Taiko Creator – Create, control & generate your own Taiko sound

There seems to be no end to percussion libraries, and Taiko percussion libraries are a mainstay in cinematic music. Every Taiko library has its own charm and its own strengths, but few can deliver a sound or use-ability that can cover almost any application. Enter Taiko Creator from In Session Audio.

In Session Audio have been around for a while providing sturdy libraries like Fluid Harmonics and Fluid Strike, and the wonderful Shimmer Shake Strike which we reviewed in an earlier article. Taiko Creator is their first foray into multi-mic percussion sampling.

Installation

The library itself is provided as a surprisingly small download, and after extracting the zip files to your chosen location, you can register the library in the downloadable Native Access program using the serial number provided after purchasing the library. Simple.

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Sound

The sound of the library is straight up clarity. Compared to other heavier or “duller” sounding samples, these Taikos really bang and crackle, and that’s a great thing. This clear and punctuated sound comes from each of the drums being recorded solo – there is a very generous selection of large, medium and small Taikos from the Odaiko and Nagado to the Okedo and Shime, and more than one of each kind was recorded.

The reason for so many solo drums is to provide the foundation for a plethora of custom ensembles that you can customise to a deep level. But mixing solo instruments to get an ensemble sound isn’t really an effective trick, is it?

Taiko Creator Izanagi and Izanami

It is in Taiko Creator, because a nifty “Unity” knob intelligently separates the timing for each instrument to create a truly stunning and totally life-like ensemble sound, but with the added bonus of being clear and precise. I’ve played with many Taiko libraries, but few have managed to provide a defined and customisable ensemble sound like Taiko Creator.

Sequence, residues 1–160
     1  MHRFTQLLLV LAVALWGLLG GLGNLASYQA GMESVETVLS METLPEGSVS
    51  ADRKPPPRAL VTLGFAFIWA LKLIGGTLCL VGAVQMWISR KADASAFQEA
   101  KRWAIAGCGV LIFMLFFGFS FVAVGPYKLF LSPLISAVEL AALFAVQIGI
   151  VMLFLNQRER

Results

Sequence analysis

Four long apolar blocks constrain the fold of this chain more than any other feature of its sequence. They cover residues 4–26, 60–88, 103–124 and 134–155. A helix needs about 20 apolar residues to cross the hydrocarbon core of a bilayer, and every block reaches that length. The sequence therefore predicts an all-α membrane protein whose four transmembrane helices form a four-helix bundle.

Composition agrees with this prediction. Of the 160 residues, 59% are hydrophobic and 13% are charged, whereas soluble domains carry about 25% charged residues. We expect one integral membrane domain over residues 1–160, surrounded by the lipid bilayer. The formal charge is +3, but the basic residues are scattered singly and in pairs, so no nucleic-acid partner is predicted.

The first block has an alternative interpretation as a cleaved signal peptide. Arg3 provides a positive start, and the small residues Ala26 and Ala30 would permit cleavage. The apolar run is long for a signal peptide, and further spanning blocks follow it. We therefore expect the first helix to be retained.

Taiko Creator Midi Section

The close, mid, far and room mics are perfectly balanced and, if you can’t get the sound or mix you’re looking for with this library, you’re clearly doing something wrong. Don’t think you won’t be spoiled for choice either – there are enough drums, clicks, clacks, metals, cymbals, hits, swipes and player shouts provided that you’ll wonder how they managed to cram it all into a package that’s smaller than most standard Taiko libraries!

User interface & Usability

The sound, of course, is backed up by expert scripting and a logical, colorful interface that gives you all the control you’ll ever need. From a subtle “Drive” knob for punch, to a parallel EQ selection that can place the drums in most mixes, to a genius selection of reverbs that enhance the Taiko sound rather than wash it away, this library was built for the severe working composer to rely on.

Taiko Creator Kit Part One
Taiko Creator Kit Part Two

What you want, where you want it and how you want it to sound are just a few clicks away, and the provided snapshots really show off the capabilities of the library’s flexibility. It’s a joy to work with and it’s just addictive to play.

Rating:  Five out of five stars

I really did try to find something to complain about with Taiko Creator, but I was left without a reason not to love this package. The only negative thing I can say is that it makes all of In Session Audio’s previous libraries look weak in comparison.

Taiko Creator Pagoda Sunrise

It’s affordable, it’s unlike any other Taiko library available and it really does close the gap between free jamming and serious arranging. If you like Taikos or percussion, you’d be a fool not to pick this one up

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